300 men on one roundup, and we rounded up as many as 12,000 
head in one day. That was below the head of the Belle Fourche, 
up near Pumpkin Buttes. That was the biggest roundup I ever 

I've seen the 101 lose as many as a thousand calves in one day. 
There's only one way to drive cows and calves — get behind them 
and let them go. If you start crowding them they'll split — the cows 
get separated from the calves, and then they start milling back to 
look for them. Windelling, on this day, started handling too many 
cattle with too few men. He had 10,000 cows and calves, working 
short handed, and when he tried to move them, away they'd go. 
You'd find a dead calf behind every sagebrush, after that drive. 

At first we made our beef drives to Long Pine, way down below 
Chadron, then to Chadron, and then, after about '85, I believe, to 

Right there at Smithwick I performed my best feat as a cow- 
puncher. We often had stampedes while crossing railroad tracks 
with cattle. A hoof would strike a rail, the herd would throw up 
their heads, and be gone. We used to cover the rails with sand to 
try to prevent that. At this time I speak of, our beef herd stam- 
peded there at Smithwick while we were crossing the tracks, and I 
tied down three steers in half a mile. 

I was just a pretty good roper — not a show to some men I know 
of. That long-legged Morgan had us all beat after he finally 
learned how. 

My roping was handicapped somewhat by an injury I received 
as a boy. Back on the homestead in Nebraska one day I was 
carrying a beetle — a wooden sledge — when I slipped and fell. The 
beetle came down on my hand, breaking the third finger on my 
right hand. I have never been able since to close my right hand 
into a fist. As I say, it has handicapped my roping a little, and 
slowed my pistol shooting too. 

A couple of chance circumstances helped to give me a reputation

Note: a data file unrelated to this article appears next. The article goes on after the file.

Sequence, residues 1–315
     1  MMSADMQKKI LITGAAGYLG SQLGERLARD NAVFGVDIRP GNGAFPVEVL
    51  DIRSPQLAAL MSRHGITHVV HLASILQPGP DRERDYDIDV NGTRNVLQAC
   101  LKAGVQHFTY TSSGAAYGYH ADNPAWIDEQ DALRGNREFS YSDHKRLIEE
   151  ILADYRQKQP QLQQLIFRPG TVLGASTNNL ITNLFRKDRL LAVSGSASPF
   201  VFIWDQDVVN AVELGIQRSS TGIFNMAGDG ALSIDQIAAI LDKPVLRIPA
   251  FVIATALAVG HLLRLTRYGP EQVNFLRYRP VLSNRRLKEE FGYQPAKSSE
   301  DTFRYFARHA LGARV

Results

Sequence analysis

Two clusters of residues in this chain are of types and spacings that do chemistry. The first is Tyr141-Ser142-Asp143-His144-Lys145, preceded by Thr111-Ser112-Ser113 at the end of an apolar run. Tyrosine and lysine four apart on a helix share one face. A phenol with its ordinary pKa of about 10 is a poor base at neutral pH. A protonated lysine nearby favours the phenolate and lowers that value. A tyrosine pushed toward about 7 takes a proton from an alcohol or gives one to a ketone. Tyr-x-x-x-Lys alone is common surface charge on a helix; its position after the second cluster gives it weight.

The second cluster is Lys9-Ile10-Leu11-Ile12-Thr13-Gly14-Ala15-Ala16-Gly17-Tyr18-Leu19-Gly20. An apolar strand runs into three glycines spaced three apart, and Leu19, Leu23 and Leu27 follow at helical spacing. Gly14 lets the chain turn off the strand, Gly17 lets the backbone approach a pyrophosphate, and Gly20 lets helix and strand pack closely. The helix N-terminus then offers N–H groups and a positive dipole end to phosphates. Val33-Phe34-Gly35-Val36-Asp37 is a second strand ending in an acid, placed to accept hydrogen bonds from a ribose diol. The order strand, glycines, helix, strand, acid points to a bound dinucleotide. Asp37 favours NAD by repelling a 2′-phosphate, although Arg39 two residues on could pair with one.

as a pistol shot, though. It was the job of the roundup foreman to 
get rid of all the big-jaws that showed up. Once on a roundup I 
ran a big-jaw steer out of the herd, and killed him with a snap 


pistol shot. Another time a dog came by chasing a rabbit, off 
quite a distance, and I pulled my gun and shot that rabbit. I could 
have fired all day and not hit that rabbit again. Both times in a 
crowd, just where it would do me the most good. With a rifle, I 
didn't care whether I had a reputation or not; I was good enough 
to get along without one. 

A big problem on the roundup, of course, was the disposal of the 
mavericks — unbranded stock that wasn't running with its mother, 
so that it could be claimed on that basis. Originally, we followed 
what was called the rule of accustomed range: the maverick was 
put in the brand of the man who claimed the range where it was 
found. That worked fine as long as it worked at all. But there 
came to be plenty of room for contention there, with several men 
perhaps able to claim the range where the maverick was picked up. 
So the practice was adopted of selhng all mavericks to the highest 
bidder, the proceeds going to the Association to take care of